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The Piracy of the Bark, 'Morning Star'

From the Logie Family Papers of Robert Huggard

The Bark, “Morning Star”, Thos Gibbs, Commander, sailed from Colombo on 13 Dec. 1827 with a cargo of coffee and cinnamon. The passenger list is below the following text. The principal passenger was Major William Logie, Governor of Ceylon, and his family.

The ship sailed from the Cape of Good Hope on 28th Jan'y 1828 and made the Island of Ascension at daylight on the morning of 19 February. 1828. The following is an extract form the Ship's Log Book date 19th Feb'y 1828.

"At daylight saw the Island of Ascension bearing west, distance about six leagues and saw a brig about 6 miles astern apparently in chase of us, which at 7 o'clock fired a fun and hoisted a Blue British Ensign. We then hoisted our colours and continued our course, under a press of sail, thinking on the appearance of the Brig that she vas a Privateer. About 8 o'clock A.M. the Brig coming up with us fast, fired two more blank shots, and being now nearly abreast of us, she fired a shot, which passed close to our stern, hauled down the British Ensign. They hoisted Buenos Aryan colours and fired another shot, which fell short. We then shortened sail and the Brig hailed us and desired us to lav to, and send a boat on board, But was answered we had no Boat that would swim, on which she fired a round of Grape shot, which wounded one man, and did considerable damage to the sails main rigging. We then lowered the boat down, and the Mate with 3 hands and Hr. Smythe a passenger went in her. As soon as the boat got alongside and Mr. Smythe had gone on Board they ordered two of the men out of the boat and asked him if he was the Captain and had the ships papers, which being answered in the negative, they began beating them with their swords ordering them to return to the ship and send the Captain with the ships papers.

He accordingly went on board with the papers and the same boats crew, who were immediately ordered out of the boat and confined below. They then manned the boat with eight men armed with cutlasses and a long knife each. Boarding us, we could not oppose having no arms of any description. The few ships arms being perfectly unserviceable and the Brig laying within Pistol shot on the weather beam with her guns pointed. She appeared to carry 5 guns a side and one long battering gun on a traverse amidships.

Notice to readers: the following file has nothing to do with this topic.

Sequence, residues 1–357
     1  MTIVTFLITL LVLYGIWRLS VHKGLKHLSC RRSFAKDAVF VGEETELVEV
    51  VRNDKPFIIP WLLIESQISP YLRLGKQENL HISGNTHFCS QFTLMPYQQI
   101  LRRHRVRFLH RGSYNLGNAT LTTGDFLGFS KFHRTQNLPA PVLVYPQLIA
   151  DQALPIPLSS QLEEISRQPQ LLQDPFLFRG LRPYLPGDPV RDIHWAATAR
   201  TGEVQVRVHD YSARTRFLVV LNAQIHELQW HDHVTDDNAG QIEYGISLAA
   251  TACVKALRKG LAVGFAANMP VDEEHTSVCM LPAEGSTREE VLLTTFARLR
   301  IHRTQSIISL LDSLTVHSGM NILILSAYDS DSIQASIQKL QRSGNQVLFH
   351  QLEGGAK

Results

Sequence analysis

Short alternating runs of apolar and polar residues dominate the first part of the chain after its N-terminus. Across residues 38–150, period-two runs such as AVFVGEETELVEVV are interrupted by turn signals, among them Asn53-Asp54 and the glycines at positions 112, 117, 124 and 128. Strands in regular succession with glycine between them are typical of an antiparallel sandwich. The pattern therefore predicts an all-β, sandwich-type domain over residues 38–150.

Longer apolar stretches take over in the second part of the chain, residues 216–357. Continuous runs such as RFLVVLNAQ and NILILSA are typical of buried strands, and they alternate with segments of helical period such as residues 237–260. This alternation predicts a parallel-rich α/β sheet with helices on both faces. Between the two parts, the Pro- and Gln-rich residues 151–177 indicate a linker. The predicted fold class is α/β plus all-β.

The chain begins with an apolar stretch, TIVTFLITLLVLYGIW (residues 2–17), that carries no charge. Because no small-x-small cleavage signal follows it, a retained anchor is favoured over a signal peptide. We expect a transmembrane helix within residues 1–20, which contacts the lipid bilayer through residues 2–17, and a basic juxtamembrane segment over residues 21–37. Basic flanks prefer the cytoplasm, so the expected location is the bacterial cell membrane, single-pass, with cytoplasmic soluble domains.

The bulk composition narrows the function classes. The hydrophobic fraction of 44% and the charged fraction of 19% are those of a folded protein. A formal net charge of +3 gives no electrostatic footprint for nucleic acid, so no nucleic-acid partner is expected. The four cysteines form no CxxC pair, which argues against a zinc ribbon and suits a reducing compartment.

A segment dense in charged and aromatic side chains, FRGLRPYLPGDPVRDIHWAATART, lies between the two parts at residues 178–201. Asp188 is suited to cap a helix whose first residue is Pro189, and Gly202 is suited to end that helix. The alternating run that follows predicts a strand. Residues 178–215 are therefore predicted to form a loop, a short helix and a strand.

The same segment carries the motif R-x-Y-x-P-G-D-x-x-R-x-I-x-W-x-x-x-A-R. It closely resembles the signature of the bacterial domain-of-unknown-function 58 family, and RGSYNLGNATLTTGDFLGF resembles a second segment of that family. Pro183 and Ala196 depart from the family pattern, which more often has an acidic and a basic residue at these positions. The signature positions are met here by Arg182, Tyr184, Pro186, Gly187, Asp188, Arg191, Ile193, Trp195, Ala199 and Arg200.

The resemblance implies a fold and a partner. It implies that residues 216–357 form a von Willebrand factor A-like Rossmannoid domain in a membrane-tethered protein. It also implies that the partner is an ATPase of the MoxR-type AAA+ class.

She was well manned, painted all black and sailed remarkably fast. As soon as they boarded, they began beating the people below with their cutlasses, severely wounding several. They then placed sentries on the hatchways and ran the ship into smooth water under the lee of the Island. They then cut away all the halyards and hove to. They then ordered the people from below and made them hoist out the skiff (the other boat having filled with water was cut adrift). This forced the people to work, beating them most unmercifully with their swords.

The Brig then sent her own boat on board with more men, and they commenced plundering the ship of the sails, cordage, the ships medicine chest, all the Captains live stock, the greater part of his wines and all the spirits and stores they could get at.

They also plundered the passengers of the greater part of their clothes, all their money and valuable articles they could find. They also broke open the hatchways and carried off everything they could conveniently take away.

About dark in the evening, they made all the males on board go down the fore hatchway, which they secured, and sent the women and children to the Cuddy. About midnight, the women, not being secured below, and hearing all quiet, ventured on deck and found they had quitted the ship and the Brig was out of sight.

They immediately gave information to the men, who with a good deal of exertion, cleared away as much as to allow them to get up onto the deck. It was found upon examination, that they had cut away all the Mission rigging and backstays, all the larboard main rigging and backstays and threw them with the backstays on the starboard side, together with the greater part of the running rigging. They had tried to cut away the mainmast and tiller, destroyed the Binnacle, and carried off the Company’s chronometer charts and long glasses. The ship had also been scuttled forward.

On sounding the well, she was found to have six feet of water in her hold. We then found that the Captain and Mate, two seamen and one soldier were missing. There remained only the Chief Mate, Carpenter, Cook, Steward and four seamen, and only three sergeants and eight soldiers (invalids) in any way fit for duty.